Get in

By plane

There are two airports that are suitable for a trip to Regensburg:

By train

Regensburg Central Station (Hauptbahnhof) is conveniently located 700 m (760 yd) south of the historic city center and generally has a traveler friendly infrastructure, including several restaurants, a tourist office and a Deutsche Bahn ticket office and travel agency. It is served by numerous regional trains, many national high-speed ICE and IC long-distance trains and also offers two direct international connections:

By car

Regensburg is easily accessible via the German autobahn network, with two autobahns intersecting in the city:

There are also major national highways passing the city:

By bus

Travelers that go to Regensburg by bus usually arrive at the big bus station in Stadtamhof, on the other side of the Danube. The city has many regional services and also a few national and international connections, most notably an express bus to Prague (Czech Republic), which is much faster than the respective train connection.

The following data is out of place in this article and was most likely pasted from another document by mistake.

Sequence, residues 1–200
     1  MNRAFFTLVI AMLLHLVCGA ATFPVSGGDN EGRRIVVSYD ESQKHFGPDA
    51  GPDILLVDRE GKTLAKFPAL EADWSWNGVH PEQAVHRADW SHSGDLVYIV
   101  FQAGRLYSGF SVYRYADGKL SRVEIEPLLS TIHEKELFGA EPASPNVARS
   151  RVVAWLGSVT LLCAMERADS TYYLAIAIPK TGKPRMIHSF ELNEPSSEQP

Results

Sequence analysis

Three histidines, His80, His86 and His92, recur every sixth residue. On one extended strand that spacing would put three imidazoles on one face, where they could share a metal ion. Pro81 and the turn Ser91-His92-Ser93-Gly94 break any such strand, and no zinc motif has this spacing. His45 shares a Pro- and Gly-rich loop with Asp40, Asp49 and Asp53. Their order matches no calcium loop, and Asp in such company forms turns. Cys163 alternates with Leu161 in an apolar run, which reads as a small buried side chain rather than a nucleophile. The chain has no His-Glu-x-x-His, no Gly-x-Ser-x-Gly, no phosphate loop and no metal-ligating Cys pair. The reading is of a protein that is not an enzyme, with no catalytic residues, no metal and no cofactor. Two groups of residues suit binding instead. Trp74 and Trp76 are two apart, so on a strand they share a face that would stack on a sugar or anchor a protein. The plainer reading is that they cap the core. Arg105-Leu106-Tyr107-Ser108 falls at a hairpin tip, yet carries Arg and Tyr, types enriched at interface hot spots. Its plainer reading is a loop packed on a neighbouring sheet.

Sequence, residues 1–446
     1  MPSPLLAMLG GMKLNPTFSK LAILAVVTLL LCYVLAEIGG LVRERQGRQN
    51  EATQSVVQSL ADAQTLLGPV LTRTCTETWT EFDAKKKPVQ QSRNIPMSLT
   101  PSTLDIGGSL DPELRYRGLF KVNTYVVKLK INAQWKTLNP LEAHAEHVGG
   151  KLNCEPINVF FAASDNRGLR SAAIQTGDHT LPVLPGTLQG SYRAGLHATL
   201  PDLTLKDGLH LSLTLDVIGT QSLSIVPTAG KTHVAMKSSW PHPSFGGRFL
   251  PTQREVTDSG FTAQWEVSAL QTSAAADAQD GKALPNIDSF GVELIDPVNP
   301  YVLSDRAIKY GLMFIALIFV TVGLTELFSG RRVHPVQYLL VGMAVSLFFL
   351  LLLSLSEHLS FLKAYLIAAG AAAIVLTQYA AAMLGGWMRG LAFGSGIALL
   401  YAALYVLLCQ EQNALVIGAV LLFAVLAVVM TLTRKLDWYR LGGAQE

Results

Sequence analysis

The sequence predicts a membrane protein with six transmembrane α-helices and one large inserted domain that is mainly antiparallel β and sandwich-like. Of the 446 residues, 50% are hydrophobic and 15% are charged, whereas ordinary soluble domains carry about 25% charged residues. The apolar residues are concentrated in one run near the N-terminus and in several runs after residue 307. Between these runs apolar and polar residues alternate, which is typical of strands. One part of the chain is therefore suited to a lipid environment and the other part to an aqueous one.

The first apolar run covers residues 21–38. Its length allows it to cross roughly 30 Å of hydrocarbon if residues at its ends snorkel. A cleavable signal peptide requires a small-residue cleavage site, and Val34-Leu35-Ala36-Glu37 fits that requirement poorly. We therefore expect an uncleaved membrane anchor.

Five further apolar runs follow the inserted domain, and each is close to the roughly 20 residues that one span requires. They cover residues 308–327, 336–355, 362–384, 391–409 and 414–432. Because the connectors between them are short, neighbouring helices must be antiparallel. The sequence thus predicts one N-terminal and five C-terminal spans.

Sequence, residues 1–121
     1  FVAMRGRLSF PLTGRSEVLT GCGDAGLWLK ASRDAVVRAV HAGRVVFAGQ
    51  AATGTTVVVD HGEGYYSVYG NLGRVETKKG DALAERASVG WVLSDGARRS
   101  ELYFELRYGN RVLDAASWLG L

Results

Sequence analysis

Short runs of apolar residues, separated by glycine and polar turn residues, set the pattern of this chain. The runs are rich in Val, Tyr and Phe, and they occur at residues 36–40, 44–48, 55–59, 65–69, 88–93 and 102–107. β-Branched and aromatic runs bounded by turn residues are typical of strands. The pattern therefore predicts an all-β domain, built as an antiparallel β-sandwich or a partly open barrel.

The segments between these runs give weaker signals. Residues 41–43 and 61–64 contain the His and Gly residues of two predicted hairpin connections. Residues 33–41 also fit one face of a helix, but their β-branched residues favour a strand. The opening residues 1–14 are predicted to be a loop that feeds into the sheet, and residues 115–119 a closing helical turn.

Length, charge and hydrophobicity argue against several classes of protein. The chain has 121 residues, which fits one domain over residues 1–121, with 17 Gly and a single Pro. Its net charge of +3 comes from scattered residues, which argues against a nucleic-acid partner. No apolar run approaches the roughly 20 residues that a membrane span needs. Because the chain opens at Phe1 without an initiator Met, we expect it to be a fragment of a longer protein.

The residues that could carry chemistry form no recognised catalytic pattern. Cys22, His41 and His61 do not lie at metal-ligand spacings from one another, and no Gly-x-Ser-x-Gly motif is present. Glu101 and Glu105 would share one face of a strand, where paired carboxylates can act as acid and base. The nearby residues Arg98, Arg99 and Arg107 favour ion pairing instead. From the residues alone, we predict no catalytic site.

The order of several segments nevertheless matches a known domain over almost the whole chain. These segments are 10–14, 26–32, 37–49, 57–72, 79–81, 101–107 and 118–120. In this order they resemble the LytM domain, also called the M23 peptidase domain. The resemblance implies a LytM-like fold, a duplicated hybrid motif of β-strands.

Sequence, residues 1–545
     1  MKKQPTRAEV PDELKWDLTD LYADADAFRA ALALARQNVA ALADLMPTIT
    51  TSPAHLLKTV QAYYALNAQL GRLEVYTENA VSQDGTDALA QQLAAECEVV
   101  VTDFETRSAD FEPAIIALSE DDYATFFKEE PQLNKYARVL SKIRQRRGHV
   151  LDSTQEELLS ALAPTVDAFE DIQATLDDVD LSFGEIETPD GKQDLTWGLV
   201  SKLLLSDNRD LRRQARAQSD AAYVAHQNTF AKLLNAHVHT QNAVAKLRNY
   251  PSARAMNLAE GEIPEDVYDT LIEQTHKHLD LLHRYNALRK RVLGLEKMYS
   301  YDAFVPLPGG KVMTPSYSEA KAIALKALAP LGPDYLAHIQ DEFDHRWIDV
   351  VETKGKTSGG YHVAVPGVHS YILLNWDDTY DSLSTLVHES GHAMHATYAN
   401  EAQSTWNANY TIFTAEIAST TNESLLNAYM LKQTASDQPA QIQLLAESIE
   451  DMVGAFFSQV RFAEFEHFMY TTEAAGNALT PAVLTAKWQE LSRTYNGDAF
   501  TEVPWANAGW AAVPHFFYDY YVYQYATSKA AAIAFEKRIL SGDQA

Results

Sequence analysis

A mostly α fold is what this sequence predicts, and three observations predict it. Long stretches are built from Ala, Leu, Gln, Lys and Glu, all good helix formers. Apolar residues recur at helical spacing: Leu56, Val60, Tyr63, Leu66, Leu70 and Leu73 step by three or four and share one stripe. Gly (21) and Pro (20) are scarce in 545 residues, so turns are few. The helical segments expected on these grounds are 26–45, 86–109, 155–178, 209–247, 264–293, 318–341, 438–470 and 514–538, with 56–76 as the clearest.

By ship

Regensburg is located at the banks of the river Danube, that runs via Vienna (Austria), Belgrade (Serbia) and Budapest (Hungary) to the Black Sea. Regensburg is the starting and end point of regular river cruises down the whole length of the Danube.

Get around

The historic city center is a pedestrian zone, so going by car is not an option. However, if you came to Regensburg by car there are several parking garages around the center, where you can leave your car. As the city center is reasonably compact, it's best explored by foot. All major points of interest are within a 1 km (1,100 yd) radius. For longer distances, Regensburg features a comprehensive public bus network, operated by RVV and RVB. Buses are frequent (10 min intervals during peak hours) and run until around midnight every day. The centre of the bus network is Albertstraße bus station just opposite the train station. There's also a Altstadtbus taking you through the inner city. The price for a usage of 90 min is €2. To reach Walhalla, you also can take a ship, which is leaving from the pier close to the Stone Bridge (Steinerne Brücke).

See